BlackBerry has introduced its official Twitter application, offering users of the most popular smartphone brand a feature on the rival iPhone that they now can only covet.
On its official blog, Research In Motion, which owns BlackBerry, said it has begun sending out a limited number of invites to test Twitter for BlackBerry.
"The Twitter for BlackBerry smartphones application has been designed to take advantage of the BlackBerry platform to create a user experience that will be familiar to both Twitter and BlackBerry smartphone users," reads the official Inside Blackberry blog.
The application will notify users immediately about direct messages, send new photos directly to TwitPic and tweet while reading updates, instead of having to go to a different screen.
It will also provide instant URL shortening with the bit.ly feature and be able to filter searches and see feeds based on the user’s location.
While unofficial apps like Seesmic, UberTwitter and TwitterBerry have existed for a while, this is the first official offering by BlackBerry and early reviews suggest it’s a more complete package than what’s been on the market before now.
"Swapping Twitterberry for Ubertwitter was one of the best decisions I’ve ever made in my life, but even that has its shortfalls," wrote blogger Kat Hannaford for the tech blog Gizmodo. "BlackBerry’s impending Twitter app looks heaps better, from the design to actual usability."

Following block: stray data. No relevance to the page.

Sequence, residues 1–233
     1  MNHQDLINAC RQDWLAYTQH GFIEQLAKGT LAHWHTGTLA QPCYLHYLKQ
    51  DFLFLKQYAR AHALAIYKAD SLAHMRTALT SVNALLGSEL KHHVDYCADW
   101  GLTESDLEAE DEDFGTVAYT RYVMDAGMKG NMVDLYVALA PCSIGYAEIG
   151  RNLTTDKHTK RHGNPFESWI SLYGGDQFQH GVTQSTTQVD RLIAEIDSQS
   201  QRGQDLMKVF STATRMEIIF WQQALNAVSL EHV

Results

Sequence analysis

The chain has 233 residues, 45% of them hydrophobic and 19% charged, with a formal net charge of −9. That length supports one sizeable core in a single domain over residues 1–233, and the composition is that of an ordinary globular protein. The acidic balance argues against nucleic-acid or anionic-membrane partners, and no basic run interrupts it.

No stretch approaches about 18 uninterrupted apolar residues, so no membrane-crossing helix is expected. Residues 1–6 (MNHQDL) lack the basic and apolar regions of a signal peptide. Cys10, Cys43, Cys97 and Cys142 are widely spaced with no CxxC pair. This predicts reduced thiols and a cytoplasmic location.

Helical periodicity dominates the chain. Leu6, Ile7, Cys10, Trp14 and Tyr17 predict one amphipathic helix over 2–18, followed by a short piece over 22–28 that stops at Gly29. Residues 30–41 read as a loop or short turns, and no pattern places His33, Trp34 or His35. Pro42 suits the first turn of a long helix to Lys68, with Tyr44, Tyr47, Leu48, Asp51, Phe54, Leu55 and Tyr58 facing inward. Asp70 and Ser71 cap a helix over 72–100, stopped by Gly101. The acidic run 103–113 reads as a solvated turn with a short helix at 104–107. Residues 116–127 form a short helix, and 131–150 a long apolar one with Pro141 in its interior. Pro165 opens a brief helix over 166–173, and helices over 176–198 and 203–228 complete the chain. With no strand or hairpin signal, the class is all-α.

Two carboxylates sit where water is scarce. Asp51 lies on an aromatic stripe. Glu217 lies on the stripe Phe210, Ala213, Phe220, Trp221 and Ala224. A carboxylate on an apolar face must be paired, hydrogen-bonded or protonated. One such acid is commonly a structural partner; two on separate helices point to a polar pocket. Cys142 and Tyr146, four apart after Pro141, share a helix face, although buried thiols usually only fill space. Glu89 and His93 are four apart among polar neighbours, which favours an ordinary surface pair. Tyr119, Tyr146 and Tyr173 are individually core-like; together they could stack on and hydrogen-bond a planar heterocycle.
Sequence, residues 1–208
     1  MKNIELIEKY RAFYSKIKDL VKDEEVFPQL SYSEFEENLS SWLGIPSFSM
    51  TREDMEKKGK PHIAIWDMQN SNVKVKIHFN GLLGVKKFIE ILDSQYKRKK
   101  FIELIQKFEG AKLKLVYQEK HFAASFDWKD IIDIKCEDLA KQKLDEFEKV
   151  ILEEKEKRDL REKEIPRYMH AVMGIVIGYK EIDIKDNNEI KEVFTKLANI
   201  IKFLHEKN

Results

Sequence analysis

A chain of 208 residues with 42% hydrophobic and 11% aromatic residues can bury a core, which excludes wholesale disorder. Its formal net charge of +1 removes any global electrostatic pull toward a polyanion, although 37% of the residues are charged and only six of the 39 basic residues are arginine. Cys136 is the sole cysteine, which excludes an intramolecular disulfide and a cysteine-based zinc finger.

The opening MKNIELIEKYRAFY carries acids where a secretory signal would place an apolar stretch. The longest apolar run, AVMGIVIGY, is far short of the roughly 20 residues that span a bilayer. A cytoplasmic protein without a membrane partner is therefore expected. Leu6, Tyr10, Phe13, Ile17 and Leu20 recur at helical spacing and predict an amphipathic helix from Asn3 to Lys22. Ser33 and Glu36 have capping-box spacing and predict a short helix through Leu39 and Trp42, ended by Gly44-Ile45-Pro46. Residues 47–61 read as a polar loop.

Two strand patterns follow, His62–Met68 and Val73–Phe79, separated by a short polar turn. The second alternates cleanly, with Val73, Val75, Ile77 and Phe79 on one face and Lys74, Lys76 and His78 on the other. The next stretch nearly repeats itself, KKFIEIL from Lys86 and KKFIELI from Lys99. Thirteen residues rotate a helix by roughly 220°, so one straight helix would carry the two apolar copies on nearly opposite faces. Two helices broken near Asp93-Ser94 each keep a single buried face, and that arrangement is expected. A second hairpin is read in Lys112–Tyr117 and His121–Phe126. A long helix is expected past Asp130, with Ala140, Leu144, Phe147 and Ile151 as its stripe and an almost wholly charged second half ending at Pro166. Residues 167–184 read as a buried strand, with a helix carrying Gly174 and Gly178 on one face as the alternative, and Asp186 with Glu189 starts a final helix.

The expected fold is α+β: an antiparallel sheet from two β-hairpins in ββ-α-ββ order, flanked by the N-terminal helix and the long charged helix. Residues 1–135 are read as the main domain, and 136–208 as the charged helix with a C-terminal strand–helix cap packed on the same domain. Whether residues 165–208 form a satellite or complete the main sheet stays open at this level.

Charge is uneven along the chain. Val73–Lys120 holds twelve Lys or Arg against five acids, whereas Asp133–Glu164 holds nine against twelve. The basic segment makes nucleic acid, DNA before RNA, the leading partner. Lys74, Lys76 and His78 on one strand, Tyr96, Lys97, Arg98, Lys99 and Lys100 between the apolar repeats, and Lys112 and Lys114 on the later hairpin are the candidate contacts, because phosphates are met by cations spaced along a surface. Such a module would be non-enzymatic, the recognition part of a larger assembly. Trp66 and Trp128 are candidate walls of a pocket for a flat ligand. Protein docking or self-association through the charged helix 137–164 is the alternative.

The app is still in its beta format, according to the BlackBerry blog. Only people who have received the invite can use it now. But users interested in being part of its full beta test can sign up to be a part of it.
The public beta roll-out is set for an unspecified time later this year.
Research In Motion emphasized on the blog that the Twitter app is in its early stages and was asking for user feedback on what other features they’d like to see. Among those being considered is geotagging, the ability to create lists and update user profiles and the ability to log into multiple accounts.
According to Internet researcher ComScore, BlackBerry’s Research In Motion operating platform had a healthy lead in the U.S. market in December, running on nearly 42 percent of the smartphones in the United States.
Apple, which owns the iPhone, was a distant second at 25 percent, followed by Microsoft at 19 percent, Palm at 6 percent and Google’s Android system at 5 percent.